I am using them since my Perl-days … so I found this a great introduction with hidden gems1! Also check out the online-tool from Lea Verou for playing around with regular expressions online: http://leaverou.github.io/regexplained/.
A regular expression (shortened as regex or regexp; also referred to as rational expression) is a sequence of characters that specifies a search pattern. Usually such patterns are used by string-searching algorithms for "find" or "find and replace" operations on strings, or for input validation. It is a technique developed in theoretical computer science and formal language theory.
The concept arose in the 1950s when the American mathematician Stephen Cole Kleene formalized the description of a regular language. The concept came into common use with Unix text-processing utilities. Different syntaxes for writing regular expressions have existed since the 1980s, one being the POSIX standard and another, widely used, being the Perl syntax.
Regular expressions are used in search engines, search and replace dialogs of word processors and text editors, in text processing utilities such as sed and AWK and in lexical analysis. Many programming languages provide regex capabilities either built-in or via libraries.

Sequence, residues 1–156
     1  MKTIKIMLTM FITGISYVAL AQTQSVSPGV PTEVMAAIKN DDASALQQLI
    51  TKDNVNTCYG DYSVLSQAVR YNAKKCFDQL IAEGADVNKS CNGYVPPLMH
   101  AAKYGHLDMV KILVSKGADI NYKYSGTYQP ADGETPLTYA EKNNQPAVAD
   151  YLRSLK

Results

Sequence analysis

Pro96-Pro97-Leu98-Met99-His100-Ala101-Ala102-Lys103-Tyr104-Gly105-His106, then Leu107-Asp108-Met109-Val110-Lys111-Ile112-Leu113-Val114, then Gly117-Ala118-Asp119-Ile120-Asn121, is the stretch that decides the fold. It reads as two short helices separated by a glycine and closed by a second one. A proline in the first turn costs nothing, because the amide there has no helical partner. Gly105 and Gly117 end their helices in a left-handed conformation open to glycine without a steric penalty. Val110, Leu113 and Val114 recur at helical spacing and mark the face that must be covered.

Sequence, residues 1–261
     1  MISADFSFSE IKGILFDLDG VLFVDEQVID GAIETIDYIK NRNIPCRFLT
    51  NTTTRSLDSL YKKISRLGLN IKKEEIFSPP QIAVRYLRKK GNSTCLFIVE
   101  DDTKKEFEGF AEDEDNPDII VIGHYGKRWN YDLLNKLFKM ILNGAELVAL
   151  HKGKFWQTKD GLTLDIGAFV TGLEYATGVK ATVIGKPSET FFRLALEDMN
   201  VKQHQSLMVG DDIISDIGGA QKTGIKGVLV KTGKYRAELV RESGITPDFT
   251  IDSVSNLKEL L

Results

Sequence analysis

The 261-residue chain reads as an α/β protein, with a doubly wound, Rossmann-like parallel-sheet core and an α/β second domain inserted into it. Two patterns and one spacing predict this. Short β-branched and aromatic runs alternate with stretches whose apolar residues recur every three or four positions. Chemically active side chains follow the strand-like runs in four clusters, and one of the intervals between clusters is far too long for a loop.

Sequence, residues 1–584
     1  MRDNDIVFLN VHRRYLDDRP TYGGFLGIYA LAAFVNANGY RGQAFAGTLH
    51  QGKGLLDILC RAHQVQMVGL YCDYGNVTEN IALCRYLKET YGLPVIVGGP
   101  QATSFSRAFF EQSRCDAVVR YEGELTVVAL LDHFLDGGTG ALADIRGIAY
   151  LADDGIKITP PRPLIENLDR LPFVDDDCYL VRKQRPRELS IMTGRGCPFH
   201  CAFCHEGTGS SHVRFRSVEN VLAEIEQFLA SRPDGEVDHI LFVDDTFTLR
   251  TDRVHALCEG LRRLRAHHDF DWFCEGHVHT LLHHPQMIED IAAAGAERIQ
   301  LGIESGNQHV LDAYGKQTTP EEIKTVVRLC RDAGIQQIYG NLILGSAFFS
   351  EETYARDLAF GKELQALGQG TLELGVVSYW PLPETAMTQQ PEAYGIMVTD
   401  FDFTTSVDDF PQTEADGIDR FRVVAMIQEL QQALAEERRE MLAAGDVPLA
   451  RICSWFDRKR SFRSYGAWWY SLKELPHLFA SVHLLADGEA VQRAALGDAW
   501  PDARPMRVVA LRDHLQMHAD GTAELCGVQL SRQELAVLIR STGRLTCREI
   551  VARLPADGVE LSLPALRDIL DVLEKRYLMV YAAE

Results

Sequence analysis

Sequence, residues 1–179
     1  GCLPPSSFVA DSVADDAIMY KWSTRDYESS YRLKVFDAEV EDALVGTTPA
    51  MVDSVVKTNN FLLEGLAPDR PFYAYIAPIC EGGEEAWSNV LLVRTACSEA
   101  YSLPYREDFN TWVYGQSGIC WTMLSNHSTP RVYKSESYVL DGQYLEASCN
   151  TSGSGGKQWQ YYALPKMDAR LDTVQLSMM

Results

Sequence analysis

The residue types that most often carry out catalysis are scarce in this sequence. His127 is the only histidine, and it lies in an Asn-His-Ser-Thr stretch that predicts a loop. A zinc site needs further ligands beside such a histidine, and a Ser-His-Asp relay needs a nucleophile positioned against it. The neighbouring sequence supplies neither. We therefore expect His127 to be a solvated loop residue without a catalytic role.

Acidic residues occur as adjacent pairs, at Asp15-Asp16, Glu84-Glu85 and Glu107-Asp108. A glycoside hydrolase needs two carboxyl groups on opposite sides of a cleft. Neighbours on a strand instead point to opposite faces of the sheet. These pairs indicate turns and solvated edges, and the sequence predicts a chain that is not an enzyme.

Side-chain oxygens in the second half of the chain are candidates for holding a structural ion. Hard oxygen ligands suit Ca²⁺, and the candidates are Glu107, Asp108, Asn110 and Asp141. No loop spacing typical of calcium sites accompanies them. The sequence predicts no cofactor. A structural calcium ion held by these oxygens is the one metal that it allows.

Definition from Wikipedia – Regular expression
Lea Verou (Greek: Λία Βέρου; born June 13, 1986) is a front end web developer, speaker and author, originally from Lesbos, Greece. Verou is currently a Research Assistant at MIT CSAIL, in David Karger’s Haystack group and an Invited Expert in the W3C CSS Working Group.Verou has written a book on advanced CSS for O’Reilly, worked for W3C/MIT, given over 60 invited talks around the world, released several open source projects, and co-founded a Greek startup called Fresset Ltd (which she left in 2011), among other projects. She has written articles for several magazines in the Web design industry, including A List Apart and Smashing Magazine.
Definition from Wikipedia – Lea Verou
- recommendation via Andre Michelle ↩